Although water covers more than 70% of the planet’s surface, there is a water shortage! Drinking water is limited and, therefore, should be utilized with utmost care. Both water and soil are renewable resources and provide us with numerous benefits, but exploitation of these resources can be very detrimental to human life.
Let’s know more about these resources in the following sections.
Soil and Water
- Soil and water resources must be maintained and conserved to provide a reliable food supply for future generations.
- Additionally, the earth nourishes plants while anchoring their roots to the ground and protecting them from abrasion.
- Given the rapid pace at which humans use these two commodities, their availability is dwindling at an alarming rate.
- Freshwater depletion is a severe issue in many nations, particularly in developing ones.
- Soil erosion is caused mainly by factors, including rainfall, wind, and industrial activity.
- The term ‘soil’ refers to the material that covers the planet’s surface and describes the composition of this material.
- A grainy substance composed of biological waste, mineral deposits, eroded rocks, and others connected to the ecosystem is the most concise description of what it is.
Weathering is the process by which soil is formed, and it is this process that makes the soil fertile for the growth of plants and other living organisms.
Soil development does not occur uniformly around the globe; it differs by region. The construction of soil also takes time. The following factors affect soil formation and soil resources:
- The progenitor rock’s qualities
- Weather-related variables
- Organic matter
Soil Deterioration and Preservation
Soil is a natural resource, and two of the most critical threats are soil erosion and deterioration. Land degradation occurs due to various factors, including deforestation, overgrazing, the excessive use of chemical fertilizers and pesticides, rain wash, landslides, and floods.
The following activities owing to soil resources should be taken to safeguard the soil:
– Mulching is a strategy for conserving moisture in the soil that involves covering a barren area between plants with an organic layer, such as straw.
– Contour barriers – Trenches are excavated along the contour and filled with stones, grass, and soil to collect water. These barriers are employed to keep the area dry.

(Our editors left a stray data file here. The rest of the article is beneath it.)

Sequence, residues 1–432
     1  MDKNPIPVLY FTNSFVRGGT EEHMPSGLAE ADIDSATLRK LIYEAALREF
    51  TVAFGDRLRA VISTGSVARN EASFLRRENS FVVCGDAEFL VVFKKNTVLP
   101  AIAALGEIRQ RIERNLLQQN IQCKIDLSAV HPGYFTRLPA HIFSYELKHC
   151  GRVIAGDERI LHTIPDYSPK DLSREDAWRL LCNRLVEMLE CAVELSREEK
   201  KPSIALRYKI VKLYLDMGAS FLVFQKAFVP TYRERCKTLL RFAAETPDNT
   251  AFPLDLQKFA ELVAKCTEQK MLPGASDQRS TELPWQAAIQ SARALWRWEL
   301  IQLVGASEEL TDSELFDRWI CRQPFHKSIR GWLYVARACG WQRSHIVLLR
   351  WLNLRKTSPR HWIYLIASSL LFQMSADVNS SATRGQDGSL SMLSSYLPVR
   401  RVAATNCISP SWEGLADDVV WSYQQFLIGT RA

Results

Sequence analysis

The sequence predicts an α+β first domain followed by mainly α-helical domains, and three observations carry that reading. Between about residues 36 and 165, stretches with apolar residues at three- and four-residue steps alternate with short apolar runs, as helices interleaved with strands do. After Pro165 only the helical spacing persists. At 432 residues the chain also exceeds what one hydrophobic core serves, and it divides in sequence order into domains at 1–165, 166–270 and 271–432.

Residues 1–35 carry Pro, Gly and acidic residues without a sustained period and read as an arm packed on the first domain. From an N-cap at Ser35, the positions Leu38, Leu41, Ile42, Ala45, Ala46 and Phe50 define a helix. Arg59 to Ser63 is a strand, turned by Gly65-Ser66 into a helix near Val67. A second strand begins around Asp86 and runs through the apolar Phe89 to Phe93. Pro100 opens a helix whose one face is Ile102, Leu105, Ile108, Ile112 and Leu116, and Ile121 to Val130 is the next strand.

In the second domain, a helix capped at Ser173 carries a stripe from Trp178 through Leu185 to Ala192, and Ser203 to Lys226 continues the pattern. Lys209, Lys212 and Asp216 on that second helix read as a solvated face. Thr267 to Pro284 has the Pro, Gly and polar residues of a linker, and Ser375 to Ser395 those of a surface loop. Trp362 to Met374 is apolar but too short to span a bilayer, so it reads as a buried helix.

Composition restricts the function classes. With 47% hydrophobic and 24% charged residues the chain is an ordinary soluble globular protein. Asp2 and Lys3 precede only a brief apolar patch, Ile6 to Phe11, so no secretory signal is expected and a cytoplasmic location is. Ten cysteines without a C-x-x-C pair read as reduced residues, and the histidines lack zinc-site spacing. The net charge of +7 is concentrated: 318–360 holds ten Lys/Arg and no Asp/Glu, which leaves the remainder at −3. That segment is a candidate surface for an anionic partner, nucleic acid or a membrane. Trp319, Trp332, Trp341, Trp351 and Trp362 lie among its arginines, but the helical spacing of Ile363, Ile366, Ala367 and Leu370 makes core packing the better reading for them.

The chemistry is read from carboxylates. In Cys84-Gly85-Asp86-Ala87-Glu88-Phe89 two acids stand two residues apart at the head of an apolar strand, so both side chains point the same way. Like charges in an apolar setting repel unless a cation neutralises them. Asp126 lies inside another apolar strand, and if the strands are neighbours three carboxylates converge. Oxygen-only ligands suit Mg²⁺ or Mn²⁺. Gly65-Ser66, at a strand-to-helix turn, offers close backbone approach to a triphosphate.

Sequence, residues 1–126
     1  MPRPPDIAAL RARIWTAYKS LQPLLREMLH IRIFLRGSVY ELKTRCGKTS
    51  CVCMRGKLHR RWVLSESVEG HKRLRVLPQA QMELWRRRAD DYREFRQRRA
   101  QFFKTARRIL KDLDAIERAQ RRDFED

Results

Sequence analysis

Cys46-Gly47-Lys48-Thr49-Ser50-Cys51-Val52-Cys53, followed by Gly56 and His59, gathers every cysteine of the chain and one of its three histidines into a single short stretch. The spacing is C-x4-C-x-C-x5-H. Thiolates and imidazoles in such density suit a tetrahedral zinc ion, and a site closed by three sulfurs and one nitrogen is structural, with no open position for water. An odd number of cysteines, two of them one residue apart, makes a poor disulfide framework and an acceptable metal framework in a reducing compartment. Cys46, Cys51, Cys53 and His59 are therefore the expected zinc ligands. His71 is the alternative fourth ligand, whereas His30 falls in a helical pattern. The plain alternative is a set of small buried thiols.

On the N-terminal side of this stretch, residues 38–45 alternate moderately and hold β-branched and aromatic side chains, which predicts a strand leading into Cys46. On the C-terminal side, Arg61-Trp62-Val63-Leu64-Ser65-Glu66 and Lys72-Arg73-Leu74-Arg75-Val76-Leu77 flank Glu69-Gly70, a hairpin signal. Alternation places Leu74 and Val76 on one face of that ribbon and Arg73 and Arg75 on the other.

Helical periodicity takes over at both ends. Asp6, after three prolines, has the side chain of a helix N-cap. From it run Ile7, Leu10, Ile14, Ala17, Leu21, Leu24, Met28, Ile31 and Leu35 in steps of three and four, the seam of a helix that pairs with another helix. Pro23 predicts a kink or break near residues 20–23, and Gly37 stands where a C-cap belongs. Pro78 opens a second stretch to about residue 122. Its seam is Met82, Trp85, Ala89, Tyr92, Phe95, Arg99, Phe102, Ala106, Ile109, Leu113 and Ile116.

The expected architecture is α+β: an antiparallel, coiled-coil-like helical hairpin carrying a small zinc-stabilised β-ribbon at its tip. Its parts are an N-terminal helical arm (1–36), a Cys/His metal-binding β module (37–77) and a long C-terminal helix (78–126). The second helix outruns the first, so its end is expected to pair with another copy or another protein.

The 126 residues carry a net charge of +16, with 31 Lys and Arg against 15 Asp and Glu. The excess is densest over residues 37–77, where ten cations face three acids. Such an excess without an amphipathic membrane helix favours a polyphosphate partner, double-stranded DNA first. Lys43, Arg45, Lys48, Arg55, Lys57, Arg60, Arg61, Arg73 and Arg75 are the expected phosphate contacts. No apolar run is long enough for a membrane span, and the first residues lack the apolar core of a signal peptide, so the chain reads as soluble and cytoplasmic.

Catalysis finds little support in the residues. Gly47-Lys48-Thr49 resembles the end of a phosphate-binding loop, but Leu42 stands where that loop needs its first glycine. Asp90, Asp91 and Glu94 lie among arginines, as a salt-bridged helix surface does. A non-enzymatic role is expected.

– Rock Dam – Rock dams are erected to prevent soil erosion and gully development by stacking stones together.
– Terrace farming – This is used on steep slopes to reduce surface runoff and soil erosion. To assist with this endeavor, broad flat stairs are erected. This enables the growth of crops in the previously accessible flat space.
– Intercropping – This process involves planting different crops in separate rows of the same field to protect the soil from rain wash. This practice aids in the protection of the soil from rainwash.
– Contour plowing is a technique for establishing a natural barrier that keeps water from running down a slope. Parallel plowing is used to follow the contours of the hill.
– Shelterbelts – Rows of trees are planted in coastal and dry areas to create a protective layer of soil cover.
Water is a sustainable natural resource that supports many plant and animal life since it covers about three-fourths of the planet’s surface.
Of the 2.7% consumed by humans, 70% are ice sheets and glaciers in the largest reservoir of freshwater, Antarctica, Greenland, and mountainous regions.
After processing this ice, only 1% is still acceptable for human use.
One percent of the world’s available importance of water resources comes from various sources, including groundwater, water resources for agriculture, surface water in rivers and lakes, and atmospheric water vapor.
Water is the only material whose quantity is unaffected by changes in temperature since it can never be added to or subtracted from.
In addition to being utilized for drinking, water is also used in the production process.